Hot Whiskey Toddy
- 2oz Bourbon
- 1/2oz Lemon
- 3/4oz Honey
- Boiling hot water
- 3 Cloves
Garnish: Lemon Wedge
You must put in the spirits before the hot water, then stir with a spoon. Use a Toddy glass if you have one.
It is officially flu season, and sadly today I am writing this post from the comfort of my bed with a horrible sore throat and a stuffy nose! HOWEVER a silver lining can be found in the above drink which is great when you’re feeling a little under the weather.
Honey and lemon are very soothing for a sore throat, and the alcohol will kill some of those germs…even if I just made all that up, the drink tastes great and you will at least feel better from drinking it!
The original recipe of a toddy calls for Brandy as the base, however Bourbon has become a popular alternative and American standard for the recipe. It is a really old drink so the origins are complicated and a little unclear, however Jerry Thomas writes about the Brandy Toddy and Whiskey Toddy in his book “How to mix drinks or the Bon-Vivant’s companion” 1862.
The Brandy Toddy being the one described with hot water, the Whiskey toddy says to use ice. I personally like using Whiskey in a hot toddy, although it is unclear why Jerry Thomas favored Brandy as the base for the hot version. A Whiskey toddy is mentioned in Charles Dickens first book ‘The pickwick papers” which was written in 1867, so we know the late 1800s saw it as a fairly popular drink for cold nights.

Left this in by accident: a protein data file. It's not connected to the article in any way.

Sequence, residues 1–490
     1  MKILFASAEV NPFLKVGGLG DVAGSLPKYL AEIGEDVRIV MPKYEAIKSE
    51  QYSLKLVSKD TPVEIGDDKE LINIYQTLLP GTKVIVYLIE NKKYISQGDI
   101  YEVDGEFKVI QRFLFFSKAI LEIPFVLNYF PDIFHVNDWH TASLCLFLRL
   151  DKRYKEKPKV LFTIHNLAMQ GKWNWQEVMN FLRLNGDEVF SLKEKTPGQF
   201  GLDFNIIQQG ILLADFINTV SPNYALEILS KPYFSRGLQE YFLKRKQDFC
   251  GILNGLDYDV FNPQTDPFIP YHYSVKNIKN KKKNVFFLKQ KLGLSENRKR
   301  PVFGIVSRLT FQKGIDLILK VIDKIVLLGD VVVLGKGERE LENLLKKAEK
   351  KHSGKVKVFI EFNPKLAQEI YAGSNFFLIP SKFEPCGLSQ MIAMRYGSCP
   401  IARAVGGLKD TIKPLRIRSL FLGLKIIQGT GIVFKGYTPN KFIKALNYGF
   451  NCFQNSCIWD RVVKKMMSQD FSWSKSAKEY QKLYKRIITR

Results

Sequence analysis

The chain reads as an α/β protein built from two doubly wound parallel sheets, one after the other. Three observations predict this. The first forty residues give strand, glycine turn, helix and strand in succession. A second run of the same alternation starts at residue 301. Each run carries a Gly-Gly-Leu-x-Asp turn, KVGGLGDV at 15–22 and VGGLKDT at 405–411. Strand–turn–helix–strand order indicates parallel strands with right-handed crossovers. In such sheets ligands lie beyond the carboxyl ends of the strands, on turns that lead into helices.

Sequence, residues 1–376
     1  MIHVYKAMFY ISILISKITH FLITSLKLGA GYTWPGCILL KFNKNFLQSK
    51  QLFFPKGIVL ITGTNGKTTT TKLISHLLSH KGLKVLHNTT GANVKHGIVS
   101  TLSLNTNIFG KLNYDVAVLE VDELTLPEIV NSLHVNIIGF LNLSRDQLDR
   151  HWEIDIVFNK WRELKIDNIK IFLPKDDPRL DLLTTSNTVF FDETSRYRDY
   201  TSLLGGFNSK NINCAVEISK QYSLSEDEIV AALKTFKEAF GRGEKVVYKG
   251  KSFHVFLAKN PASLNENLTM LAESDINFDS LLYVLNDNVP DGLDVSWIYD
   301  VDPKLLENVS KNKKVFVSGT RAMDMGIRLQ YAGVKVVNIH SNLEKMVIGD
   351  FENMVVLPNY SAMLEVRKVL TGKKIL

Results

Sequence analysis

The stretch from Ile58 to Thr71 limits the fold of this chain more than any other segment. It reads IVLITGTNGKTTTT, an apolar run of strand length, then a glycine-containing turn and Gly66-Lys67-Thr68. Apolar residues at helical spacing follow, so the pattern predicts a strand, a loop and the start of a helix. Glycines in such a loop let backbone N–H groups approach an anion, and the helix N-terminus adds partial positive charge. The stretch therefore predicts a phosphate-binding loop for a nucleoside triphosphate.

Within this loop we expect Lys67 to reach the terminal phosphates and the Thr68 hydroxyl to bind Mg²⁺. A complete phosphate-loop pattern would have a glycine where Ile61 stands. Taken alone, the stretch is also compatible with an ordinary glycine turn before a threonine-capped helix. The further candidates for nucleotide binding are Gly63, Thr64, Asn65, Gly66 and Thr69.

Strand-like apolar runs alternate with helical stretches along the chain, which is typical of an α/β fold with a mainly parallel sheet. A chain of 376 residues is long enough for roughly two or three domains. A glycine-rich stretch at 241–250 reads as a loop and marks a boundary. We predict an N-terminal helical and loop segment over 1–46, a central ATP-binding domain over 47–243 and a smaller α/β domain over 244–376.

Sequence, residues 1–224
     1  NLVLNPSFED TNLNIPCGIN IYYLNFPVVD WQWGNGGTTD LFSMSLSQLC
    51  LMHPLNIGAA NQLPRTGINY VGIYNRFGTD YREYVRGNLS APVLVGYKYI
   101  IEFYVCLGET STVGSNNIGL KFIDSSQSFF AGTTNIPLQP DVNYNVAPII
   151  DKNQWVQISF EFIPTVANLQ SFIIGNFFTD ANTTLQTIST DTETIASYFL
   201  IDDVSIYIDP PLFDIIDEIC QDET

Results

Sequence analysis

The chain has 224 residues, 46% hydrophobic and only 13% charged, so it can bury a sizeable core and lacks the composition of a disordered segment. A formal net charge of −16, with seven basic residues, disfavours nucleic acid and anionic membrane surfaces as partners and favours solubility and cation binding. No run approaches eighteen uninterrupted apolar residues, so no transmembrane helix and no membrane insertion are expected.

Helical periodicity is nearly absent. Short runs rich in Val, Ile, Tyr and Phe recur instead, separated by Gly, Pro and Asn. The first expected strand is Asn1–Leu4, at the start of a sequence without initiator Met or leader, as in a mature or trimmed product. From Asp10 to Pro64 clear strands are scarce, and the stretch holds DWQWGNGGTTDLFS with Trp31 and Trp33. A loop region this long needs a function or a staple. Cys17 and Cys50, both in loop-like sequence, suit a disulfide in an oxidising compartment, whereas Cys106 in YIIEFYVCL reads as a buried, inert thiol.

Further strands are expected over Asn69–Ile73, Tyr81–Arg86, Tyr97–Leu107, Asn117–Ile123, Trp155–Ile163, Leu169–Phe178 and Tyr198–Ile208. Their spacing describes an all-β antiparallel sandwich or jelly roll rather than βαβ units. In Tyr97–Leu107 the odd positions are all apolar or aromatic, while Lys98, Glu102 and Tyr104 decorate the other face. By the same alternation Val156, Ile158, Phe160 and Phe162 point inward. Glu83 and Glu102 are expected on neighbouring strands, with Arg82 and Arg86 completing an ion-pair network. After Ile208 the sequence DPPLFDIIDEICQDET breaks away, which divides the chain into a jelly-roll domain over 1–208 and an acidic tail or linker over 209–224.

Just so you know, a Toddy glass is a heat resistant glass mug that is perfect for Irish coffees as well as Toddy’s. It is always a good idea to warm the glass before pouring in the boiling liquid, to prevent any risk of cracking. If you don’t have a toddy mug in your collection, I recommend getting one because they are always useful to have around for hot drinks.
- 1 1/2oz Gin
- 3/4 oz Lemon Juice
- 3/4 oz Simple Syrup
- Fill with Champagne
Garnish: Lemon Twist
Today I found myself celebrating Bastille Day at Bagatelle in Hollywood. Bastille Day is the name given in English-speaking countries to ‘French National Day’ which is celebrated on the 14th of July each year.
In France, it is formally called La Fête Nationale and commemorates the storming of Bastille Fortress-prison on 14 July 1789. The act of storming Bastille was seen as the uprising of the modern nation during the French Revolution and has been celebrated every year in France on the Anniversary of the event, since 1790.
They had created quite a party at Bagatelle. Girls were dancing on table tops, French flags where flying everywhere and champagne was flowing heavily!
Zach gets in to character!